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The Vanishing Red
by Robert Frost

Robert Frost's books include A Boy's Will in 1913, North of Boston in 1914, Mountain Interval in 1916, New Hampshire in 1923 (for which Frost was awarded his first Pulitzer Prize), West-Running Brook in 1928, A Further Range in 1936 (giving Frost a third Pulitzer), A Witness Tree in 1942 (becoming the first person to receive the Prize four times), A Masque of Reason in 1945, Steeple Bush in 1947, A Masque of Mercy in 1947, and In the Clearing in 1962.

Additionally, his publishers released numerous anthologies and collections, including Selected Poems (New York: Henry Holt, 1923), Selected Poems (New York: Henry Holt, 1928), Collected Poems (New York: Henry Holt, 1930, which results in second Pulitzer in 1931), Selected Poems (New York: Henry Holt, 1934), Selected Poems (London: Jonathan Cape, 1936), Collected Poems (New York: Henry Holt, 1939), The Poems (New York: Modern Library, 1946), Complete Poems (New York: Henry Holt, 1949), Aforesaid (New York: Henry Holt, 1954), Selected Poems (London: Penguin Books, 1955), and Selected Poems (New York: Holt, Rinehart and Winston, 1963).

Robert Frost's earliest work is now in the public domain, but all of his latter work remains under copyright protection and cannot be reproduced with permission.


1916 Mountain Interval
The Vanishing Red
by Robert Frost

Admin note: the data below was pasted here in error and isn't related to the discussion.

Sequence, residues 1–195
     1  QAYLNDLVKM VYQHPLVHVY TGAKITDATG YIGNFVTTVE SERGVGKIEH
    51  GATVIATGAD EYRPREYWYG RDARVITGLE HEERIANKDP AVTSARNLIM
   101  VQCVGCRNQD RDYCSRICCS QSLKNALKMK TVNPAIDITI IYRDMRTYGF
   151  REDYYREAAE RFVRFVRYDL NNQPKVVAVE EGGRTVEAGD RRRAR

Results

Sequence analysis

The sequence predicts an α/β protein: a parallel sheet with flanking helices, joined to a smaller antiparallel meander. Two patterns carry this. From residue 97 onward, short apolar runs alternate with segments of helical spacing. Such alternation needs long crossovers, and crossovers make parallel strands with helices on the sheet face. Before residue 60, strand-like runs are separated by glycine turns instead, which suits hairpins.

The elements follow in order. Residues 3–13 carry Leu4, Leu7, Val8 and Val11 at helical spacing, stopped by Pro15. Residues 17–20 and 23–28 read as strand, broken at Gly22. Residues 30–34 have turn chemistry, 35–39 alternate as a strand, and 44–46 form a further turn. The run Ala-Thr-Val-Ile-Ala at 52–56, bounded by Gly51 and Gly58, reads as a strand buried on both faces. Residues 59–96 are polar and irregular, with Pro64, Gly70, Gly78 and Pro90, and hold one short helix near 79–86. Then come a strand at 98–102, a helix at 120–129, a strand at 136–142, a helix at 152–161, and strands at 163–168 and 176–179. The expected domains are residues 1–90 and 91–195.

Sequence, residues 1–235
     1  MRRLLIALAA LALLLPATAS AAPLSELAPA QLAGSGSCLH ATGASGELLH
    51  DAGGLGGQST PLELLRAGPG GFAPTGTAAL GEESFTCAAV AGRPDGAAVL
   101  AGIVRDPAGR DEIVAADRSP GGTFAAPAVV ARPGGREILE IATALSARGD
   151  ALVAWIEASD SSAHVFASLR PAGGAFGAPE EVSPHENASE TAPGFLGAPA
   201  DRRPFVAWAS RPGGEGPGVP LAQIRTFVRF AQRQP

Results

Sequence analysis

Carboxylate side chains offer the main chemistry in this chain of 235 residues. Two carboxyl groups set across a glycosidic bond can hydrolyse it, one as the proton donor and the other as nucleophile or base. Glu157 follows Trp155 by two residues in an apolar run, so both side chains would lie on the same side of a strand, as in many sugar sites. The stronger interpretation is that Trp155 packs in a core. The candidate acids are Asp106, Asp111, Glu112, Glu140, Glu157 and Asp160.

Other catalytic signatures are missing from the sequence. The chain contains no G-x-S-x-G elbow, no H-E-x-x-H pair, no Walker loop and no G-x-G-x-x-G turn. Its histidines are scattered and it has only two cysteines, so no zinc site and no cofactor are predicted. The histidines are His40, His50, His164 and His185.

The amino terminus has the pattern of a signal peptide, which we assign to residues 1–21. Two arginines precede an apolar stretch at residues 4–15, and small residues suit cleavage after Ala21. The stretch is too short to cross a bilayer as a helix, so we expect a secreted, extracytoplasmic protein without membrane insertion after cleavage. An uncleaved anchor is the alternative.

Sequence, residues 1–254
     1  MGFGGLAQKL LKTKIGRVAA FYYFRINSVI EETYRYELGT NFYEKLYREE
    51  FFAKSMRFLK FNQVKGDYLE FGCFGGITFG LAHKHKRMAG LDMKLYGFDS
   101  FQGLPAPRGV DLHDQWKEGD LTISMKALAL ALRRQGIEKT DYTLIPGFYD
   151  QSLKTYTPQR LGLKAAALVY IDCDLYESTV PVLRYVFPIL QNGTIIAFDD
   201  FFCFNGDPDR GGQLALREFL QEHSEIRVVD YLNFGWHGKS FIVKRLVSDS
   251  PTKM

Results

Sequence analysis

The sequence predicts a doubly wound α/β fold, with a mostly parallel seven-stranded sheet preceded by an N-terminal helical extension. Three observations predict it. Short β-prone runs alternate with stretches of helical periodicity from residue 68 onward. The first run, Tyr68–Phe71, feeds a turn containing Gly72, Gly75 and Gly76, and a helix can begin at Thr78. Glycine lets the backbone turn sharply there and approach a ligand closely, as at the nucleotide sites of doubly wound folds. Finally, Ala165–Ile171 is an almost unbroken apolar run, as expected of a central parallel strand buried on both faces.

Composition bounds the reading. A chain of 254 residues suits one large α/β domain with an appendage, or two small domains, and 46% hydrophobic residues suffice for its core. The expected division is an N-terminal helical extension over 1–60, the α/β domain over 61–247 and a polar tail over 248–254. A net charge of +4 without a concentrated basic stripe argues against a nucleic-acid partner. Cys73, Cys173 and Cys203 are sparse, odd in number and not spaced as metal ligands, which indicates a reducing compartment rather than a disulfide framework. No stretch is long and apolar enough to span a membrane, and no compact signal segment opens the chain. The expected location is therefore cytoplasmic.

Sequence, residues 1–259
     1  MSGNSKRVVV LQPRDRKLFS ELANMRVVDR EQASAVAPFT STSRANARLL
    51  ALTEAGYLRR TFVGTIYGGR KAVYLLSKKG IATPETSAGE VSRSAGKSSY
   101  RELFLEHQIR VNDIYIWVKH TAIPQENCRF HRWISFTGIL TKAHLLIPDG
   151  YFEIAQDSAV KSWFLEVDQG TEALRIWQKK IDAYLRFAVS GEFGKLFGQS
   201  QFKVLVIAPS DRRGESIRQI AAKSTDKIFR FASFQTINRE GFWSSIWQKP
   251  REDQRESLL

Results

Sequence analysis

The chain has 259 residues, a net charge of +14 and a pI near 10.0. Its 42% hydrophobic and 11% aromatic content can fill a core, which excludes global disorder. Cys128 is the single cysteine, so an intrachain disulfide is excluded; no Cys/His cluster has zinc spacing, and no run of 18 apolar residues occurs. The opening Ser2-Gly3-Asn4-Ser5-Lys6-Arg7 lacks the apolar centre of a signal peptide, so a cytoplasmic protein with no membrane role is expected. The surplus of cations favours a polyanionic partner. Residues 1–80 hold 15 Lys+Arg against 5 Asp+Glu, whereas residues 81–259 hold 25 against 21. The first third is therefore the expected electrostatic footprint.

He is said to have been the last Red Man
In Acton. And the Miller is said to have laughed-
If you like to call such a sound a laugh.
But he gave no one else a laugher's license.
For he turned suddenly grave as if to say,
"Whose business,-if I take it on myself,
Whose business-but why talk round the barn?-
When it's just that I hold with getting a thing done with."
You can't get back and see it as he saw it.
It's too long a story to go into now.
You'd have to have been there and lived it.
Then you wouldn't have looked on it as just a matter
Of who began it between the two races.

Some guttural exclamation of surprise
The Red Man gave in poking about the mill
Over the great big thumping shuffling mill-stone
Disgusted the Miller physically as coming
From one who had no right to be heard from.
"Come, John," he said, "you want to see the wheel pit?"

He took him down below a cramping rafter,
And showed him, through a manhole in the floor,
The water in desperate straits like frantic fish,
Salmon and sturgeon, lashing with their tails.
Then he shut down the trap door with a ring in it
That jangled even above the general noise,
And came up stairs alone-and gave that laugh,
And said something to a man with a meal-sack
That the man with the meal-sack didn't catch-then.
Oh, yes, he showed John the wheel pit all right.


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